Plenary Session

The 2019 Plenary Session Theme is:

Celebrating Conservation Past & Present

and will feature the following speakers (more information to come):

Dr. Mamie Parker

Partnerships, Inspiration and Excellence

Mamie Aselean Parker is a trail-blazing conservationist. The first African American to hold numerous positions in the U.S. Fish and Wildlife Service (USFWS), she ultimately served as northeastern regional director of the service. Since her retirement from the USFWS, she has been an active consultant and public speaker.

Mamie was born on October 14, 1957, in Wilmot (Ashley County). Her mother, Cora Parker, was a single parent who supported her her family as a sharecropper and was determined that her eleven children (of whom Mamie was the youngest) would receive an education. Named after President Dwight Eisenhower’s wife, Mamie Eisenhower, Parker shared her mother’s love of fishing, which ended up shaping her eventual career path. Parker grew up in Wilmot and was the salutatorian at Wilmot High School. She went on to the University of Arkansas at Pine Bluff (UAPB), where she earned a BS in biology in 1980. She later earned an MS in fish and wildlife management and a PhD in limnology from the University of Wisconsin.

Joining the U.S. Fish and Wildlife Service in 1978, Parker began her twenty-nine-year career with the service working in the Fish Health Laboratory in Wisconsin. Over the course of her lengthy career, she worked in a variety of posts around the country, including in Wisconsin, Missouri, Minnesota, Georgia, Massachusetts, and Washington DC. She held the position of ecosystem coordinator in the Great Lakes and Big Rivers Region, and she also worked in an array of programs, including national wetlands, coastal mapping, national fish hatcheries, marine mammals, and wetland restoration. Parker was the service’s point person for negotiations with General Electric in the effort to clean up the Hudson River, and she was responsible for getting Atlantic salmon included on the endangered species list, as well as protecting American waters from invasive species such as snakehead fish and Asian carp. She served as assistant director of the Board of Fisheries and Habitat Conservation at the USFWS and was appointed USFWS regional director of the thirteen northeastern states, becoming the first black person to serve in the positions of deputy regional director and regional director in the service’s history. She also contributed a chapter to The Future of Fisheries: Perspectives for Emerging Professionals, published by the American Fisheries Society in 2014.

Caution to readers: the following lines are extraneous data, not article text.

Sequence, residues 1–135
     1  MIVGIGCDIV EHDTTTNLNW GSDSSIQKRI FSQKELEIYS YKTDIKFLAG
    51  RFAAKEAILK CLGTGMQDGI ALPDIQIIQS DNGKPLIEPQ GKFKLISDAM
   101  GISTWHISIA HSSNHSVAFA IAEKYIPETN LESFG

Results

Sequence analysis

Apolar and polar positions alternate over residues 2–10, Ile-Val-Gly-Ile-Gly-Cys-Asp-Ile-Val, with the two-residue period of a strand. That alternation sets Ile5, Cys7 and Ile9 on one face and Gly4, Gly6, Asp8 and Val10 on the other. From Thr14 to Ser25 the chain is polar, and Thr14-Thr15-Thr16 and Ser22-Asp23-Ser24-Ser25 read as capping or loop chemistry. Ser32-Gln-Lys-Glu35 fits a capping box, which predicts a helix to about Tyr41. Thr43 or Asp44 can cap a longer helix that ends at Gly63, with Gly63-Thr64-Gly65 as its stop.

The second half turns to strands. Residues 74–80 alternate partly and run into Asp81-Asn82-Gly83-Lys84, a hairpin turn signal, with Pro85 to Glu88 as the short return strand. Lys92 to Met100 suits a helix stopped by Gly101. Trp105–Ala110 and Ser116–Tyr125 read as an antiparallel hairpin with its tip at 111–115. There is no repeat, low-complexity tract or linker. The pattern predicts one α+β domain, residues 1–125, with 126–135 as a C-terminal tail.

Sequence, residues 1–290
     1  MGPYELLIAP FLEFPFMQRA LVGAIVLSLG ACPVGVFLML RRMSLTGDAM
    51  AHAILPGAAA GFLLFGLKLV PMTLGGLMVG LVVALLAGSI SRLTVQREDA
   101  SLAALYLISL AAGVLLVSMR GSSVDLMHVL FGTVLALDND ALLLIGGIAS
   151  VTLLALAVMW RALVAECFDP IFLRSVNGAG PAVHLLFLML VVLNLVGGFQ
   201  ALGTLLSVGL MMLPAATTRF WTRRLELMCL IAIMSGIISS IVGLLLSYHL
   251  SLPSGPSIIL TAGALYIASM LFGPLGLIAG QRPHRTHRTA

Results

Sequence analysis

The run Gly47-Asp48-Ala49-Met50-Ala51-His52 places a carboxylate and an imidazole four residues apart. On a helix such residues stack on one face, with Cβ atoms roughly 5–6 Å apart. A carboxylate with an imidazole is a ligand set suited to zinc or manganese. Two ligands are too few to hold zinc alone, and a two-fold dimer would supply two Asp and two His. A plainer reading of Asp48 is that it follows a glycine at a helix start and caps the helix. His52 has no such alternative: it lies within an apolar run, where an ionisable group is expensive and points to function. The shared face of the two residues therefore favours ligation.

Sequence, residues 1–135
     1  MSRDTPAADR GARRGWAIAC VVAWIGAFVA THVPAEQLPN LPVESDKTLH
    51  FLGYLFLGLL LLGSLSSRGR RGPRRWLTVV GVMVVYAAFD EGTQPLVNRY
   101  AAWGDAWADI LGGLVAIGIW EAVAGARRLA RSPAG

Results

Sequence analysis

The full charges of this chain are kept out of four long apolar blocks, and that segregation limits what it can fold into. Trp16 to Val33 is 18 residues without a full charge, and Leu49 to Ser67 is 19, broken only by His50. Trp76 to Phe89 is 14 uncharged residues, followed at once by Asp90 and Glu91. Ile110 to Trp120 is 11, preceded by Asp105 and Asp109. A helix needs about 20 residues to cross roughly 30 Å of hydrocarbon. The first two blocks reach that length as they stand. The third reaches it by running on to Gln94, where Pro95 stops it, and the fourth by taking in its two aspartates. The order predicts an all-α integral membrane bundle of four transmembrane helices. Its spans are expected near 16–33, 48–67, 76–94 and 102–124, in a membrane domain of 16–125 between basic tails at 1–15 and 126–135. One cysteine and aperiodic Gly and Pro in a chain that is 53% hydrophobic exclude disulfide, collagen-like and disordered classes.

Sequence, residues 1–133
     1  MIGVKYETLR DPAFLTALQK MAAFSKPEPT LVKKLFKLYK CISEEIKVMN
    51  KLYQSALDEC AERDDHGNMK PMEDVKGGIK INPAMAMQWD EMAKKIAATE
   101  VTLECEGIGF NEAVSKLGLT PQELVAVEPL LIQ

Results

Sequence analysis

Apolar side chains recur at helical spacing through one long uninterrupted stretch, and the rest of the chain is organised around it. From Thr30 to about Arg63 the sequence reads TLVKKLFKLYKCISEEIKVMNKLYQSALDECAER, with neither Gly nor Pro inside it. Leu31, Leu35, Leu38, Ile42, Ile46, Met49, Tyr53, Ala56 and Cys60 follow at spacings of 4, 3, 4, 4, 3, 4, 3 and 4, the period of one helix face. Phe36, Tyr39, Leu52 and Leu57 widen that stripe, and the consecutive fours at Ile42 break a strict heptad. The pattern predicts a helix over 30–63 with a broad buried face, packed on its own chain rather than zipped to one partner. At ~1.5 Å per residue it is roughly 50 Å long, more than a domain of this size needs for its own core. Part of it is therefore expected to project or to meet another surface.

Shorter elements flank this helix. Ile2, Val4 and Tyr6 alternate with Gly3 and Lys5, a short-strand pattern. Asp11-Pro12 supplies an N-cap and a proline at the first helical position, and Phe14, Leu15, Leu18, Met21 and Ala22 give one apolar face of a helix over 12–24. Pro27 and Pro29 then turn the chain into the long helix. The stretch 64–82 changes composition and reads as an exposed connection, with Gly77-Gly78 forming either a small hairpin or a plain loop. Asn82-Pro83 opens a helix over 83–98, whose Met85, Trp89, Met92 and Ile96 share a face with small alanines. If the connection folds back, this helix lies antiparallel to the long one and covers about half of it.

Her accomplishments have been recognized with numerous accolades. She was the recipient of the Presidential Rank Award, the highest honor the president can bestow upon government employees, as well as the Ira Gabrielson Award, given by the USFWS for outstanding leadership. In 2005, she became the first African American inducted into the Arkansas Outdoor Hall of Fame. In addition, Good Housekeeping magazine recognized her with the Women in Government Leadership Award, and she was named the Simon Haley Distinguished Lecturer by her alma mater, the University of Arkansas at Pine Bluff, into whose Hall of Fame she has also been inducted.